Rumors continue breaking nearly every single day during this off-season that the Philadelphia Phillies are ready to make some big moves.
Today came rumors that the club had put relievers Pat Neshek and Tommy Hunter on the trade block, joining Carlos Santana there. The team was also once again linked strongly to the two biggest free agent names, shortstop Manny Machado and outfielder Bryce Harper.
It was with all this current activity in mind that just yesterday I began a regular ‘Phillies Hot Stove History’ series in which I plan to re-visit some of the big free agent signings, trades, and other transactions made by the club on this date in off-season history.
That first entry took a look back at a 1981 three-team trade in which the Phillies sent outfielder Lonnie Smith to the Saint Louis Cardinals and landed catcher Bo Diaz from the Cleveland Indians. Within weeks that deal would have permanent ramifications for two of the team’s 1980 World Series heroes, catchers Bob Boone and Keith Moreland.
Today we’ll take a look at a big free agent signing from this date in the year 2000. To fully understand the signing and the reasons that it took place, you need to go back and recall what was happening at that time in Phillies history.
The organization was struggling mightily at that point. From 1987 through the 2000 campaign the Phillies had finished with a winning record just once, in the magical 1993 run to a World Series appearance.
Aside from that 97-65, first place and pennant-winning miracle, the Phillies had fashioned a horrendous cumulative record of 912-1,128 over the other prior 13 seasons.
To say that it was a long, dark dry-spell would be an understatement. The sustained losing would eventually cost five managers their jobs: John Felske, Lee Elia, Nick Leyva, Jim Fregosi, and Terry Francona, as well as general manager Lee Thomas.
But things began to change for the better as a new millennium dawned, even though it hadn’t yet shown up in the win-loss column. The Phillies finished the 2000 season with a 65-97 record, the second-worst during that stretch.
However, new and talented young players were beginning to make their way into the lineup. At age 25, third baseman Scott Rolen would win his second Gold Glove Award that year and was better than a 4-WAR player in each of his first four big-league seasons.
The Phillies first round pick in the MLB Draft just two summers earlier, 23-year-old Pat Burrell busted into the lineup with 18 homers and 79 RBI as a first baseman/left fielder. He would finish fourth in the National League Rookie of the Year voting.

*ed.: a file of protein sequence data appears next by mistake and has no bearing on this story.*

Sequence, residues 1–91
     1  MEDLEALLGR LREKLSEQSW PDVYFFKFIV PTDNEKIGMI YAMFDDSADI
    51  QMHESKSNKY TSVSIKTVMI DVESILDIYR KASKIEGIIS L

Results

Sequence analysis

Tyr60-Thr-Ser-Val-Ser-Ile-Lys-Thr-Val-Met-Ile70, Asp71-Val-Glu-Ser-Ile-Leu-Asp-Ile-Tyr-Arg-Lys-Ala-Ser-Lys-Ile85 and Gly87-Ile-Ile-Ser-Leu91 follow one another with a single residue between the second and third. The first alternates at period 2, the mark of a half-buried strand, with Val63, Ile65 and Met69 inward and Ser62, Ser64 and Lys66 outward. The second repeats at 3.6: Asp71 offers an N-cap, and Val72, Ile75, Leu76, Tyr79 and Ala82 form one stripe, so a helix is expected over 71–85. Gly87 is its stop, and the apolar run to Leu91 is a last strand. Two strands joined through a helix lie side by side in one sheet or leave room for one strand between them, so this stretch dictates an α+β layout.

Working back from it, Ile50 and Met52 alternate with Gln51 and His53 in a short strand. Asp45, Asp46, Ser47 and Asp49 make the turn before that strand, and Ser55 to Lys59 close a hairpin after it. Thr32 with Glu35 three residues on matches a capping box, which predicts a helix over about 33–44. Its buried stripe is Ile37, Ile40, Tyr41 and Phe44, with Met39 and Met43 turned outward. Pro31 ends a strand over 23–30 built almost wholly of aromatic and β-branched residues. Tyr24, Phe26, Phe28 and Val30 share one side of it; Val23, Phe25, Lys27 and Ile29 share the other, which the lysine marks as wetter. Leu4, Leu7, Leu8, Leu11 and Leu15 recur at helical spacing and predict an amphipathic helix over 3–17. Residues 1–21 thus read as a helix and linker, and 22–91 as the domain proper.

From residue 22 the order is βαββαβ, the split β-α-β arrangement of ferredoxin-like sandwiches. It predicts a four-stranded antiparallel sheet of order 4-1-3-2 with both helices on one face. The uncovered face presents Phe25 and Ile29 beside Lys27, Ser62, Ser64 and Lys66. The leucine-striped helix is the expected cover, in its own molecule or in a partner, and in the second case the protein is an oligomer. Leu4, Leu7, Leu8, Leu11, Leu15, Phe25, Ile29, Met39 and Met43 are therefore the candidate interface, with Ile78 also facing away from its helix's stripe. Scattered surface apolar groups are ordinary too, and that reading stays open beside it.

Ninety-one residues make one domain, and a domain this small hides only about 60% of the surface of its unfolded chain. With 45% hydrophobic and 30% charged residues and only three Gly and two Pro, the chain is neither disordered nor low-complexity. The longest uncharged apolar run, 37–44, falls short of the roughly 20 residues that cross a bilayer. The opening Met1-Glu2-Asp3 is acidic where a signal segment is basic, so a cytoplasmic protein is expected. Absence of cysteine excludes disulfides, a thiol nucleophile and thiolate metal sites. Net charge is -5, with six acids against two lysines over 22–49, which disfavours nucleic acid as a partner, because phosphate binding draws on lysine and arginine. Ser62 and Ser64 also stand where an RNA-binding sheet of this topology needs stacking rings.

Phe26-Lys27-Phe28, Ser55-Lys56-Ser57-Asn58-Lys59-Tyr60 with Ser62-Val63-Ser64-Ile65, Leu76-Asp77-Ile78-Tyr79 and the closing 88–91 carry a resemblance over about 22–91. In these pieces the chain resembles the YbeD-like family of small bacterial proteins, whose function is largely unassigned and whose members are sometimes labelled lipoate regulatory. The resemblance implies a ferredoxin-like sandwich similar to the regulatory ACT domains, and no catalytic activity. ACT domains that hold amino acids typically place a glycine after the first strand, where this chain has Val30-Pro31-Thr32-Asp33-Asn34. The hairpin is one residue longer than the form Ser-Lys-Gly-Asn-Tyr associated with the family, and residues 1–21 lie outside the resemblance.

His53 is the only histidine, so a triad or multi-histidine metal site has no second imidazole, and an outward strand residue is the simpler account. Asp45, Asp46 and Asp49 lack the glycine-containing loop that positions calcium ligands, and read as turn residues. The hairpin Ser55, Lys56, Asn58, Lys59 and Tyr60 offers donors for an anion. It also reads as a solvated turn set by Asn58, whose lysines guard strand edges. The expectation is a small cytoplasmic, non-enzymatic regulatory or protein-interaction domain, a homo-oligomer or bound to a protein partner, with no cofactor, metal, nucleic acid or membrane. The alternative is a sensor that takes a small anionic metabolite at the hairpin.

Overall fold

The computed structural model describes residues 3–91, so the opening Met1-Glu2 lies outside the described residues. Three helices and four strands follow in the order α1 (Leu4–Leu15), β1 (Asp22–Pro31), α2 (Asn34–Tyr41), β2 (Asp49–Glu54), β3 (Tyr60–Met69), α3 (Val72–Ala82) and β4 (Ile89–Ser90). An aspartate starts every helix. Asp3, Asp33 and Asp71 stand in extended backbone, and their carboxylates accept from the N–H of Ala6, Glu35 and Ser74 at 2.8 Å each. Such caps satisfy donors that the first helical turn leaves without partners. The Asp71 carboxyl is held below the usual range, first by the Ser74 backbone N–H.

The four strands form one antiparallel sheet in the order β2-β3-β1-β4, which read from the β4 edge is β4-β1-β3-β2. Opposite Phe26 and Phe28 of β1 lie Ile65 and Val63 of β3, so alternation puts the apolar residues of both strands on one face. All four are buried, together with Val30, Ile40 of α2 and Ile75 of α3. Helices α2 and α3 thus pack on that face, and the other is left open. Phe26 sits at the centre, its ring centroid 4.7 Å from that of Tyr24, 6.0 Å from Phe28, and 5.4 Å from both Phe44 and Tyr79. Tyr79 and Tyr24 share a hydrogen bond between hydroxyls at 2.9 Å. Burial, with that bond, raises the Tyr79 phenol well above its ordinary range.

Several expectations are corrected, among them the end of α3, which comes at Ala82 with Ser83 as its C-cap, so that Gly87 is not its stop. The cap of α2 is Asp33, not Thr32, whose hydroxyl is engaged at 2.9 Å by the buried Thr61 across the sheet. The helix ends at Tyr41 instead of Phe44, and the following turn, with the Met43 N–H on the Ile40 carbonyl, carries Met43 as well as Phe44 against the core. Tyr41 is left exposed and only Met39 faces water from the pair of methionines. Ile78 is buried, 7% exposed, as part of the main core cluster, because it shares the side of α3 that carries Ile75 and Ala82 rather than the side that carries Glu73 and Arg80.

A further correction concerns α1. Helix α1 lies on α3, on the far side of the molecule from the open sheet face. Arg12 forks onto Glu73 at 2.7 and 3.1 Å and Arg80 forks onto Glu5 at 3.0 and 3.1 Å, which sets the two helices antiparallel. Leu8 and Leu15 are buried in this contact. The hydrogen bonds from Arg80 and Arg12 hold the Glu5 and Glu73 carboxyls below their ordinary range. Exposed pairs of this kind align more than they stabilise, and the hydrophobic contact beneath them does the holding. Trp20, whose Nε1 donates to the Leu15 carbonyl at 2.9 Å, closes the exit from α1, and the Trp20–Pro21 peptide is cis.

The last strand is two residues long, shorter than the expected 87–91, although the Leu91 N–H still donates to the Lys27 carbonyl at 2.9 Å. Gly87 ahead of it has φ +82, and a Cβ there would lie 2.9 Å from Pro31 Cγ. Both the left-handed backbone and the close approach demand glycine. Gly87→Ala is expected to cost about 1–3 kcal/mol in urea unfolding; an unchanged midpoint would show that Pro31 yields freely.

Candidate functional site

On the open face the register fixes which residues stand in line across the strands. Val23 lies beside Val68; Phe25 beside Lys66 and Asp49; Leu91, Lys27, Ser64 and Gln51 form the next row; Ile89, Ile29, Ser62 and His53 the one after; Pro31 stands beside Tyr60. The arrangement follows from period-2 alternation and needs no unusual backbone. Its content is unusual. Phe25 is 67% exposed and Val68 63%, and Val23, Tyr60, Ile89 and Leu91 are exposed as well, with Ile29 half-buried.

26-year-old right fielder Bobby Abreu had his second straight 20-20 season with 25 homers and 28 stolen bases. He slashed .316/.416/.554 with 77 extra-base hits and 103 runs scored and was emerging as a premier offensive threat in the middle of the Phillies lineup.
The catcher was 28-year-old Mike Lieberthal, a future Phillies Wall of Famer who just might be the best all-around backstop in franchise history. A year after capturing the NL Gold Glove Award at the position he had made a second-straight National League All-Star appearance.
In mid-September of 2000, the lineup made room for an exciting newcomer. 21-year-old Jimmy Rollins hit .321 over 14 games and 55 plate appearances and flashed serious leather. That performance set the stage for a career that would see him become the greatest shortstop in Phillies history.
Though the Phillies finished last in Major League Baseball with 708 runs scored and next-to-last in OPS, 44-year-old third-year general manager Ed Wade correctly surmised that he had the position player core to grow into a winner.
Where the Phillies were really lacking was on the mound. The mercurial ace of the staff, Curt Schilling, was dealt away at the non-waiver trade deadline in 2000. In exchange the Arizona Diamondbacks sent first baseman Travis Lee and three pitchers who Wade hoped could help the pitching depth in Vicente Padilla, Omar Daal, and Nelson Figueroa.
The team’s second round 1997 MLB Draft pick, lefty starter Randy Wolf, was coming off his first full big-league season and appeared to be at least a long-term mid-rotation mainstay.